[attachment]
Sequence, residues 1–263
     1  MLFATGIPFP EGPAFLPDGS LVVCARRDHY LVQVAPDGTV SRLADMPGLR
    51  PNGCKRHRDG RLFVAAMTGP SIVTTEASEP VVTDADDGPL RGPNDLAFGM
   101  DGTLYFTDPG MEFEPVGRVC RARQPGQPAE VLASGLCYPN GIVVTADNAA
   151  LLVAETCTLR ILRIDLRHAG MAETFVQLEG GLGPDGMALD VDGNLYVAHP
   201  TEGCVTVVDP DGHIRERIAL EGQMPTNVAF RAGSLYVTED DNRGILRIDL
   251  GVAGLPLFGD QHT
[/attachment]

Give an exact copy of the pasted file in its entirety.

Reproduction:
Sequence, residues 1–263
     1  MLFATGIPFP EGPAFLPDGS LVVCARRDHY LVQVAPDGTV SRLADMPGLR
    51  PNGCKRHRDG RLFVAAMTGP SIVTTEASEP VVTDADDGPL RGPNDLAFGM
   101  DGTLYFTDPG MEFEPVGRVC RARQPGQPAE VLASGLCYPN GIVVTADNAA
   151  LLVAETCTLR ILRIDLRHAG MAETFVQLEG GLGPDGMALD VDGNLYVAHP
   201  TEGCVTVVDP DGHIRERIAL EGQMPTNVAF RAGSLYVTED DNRGILRIDL
   251  GVAGLPLFGD QHT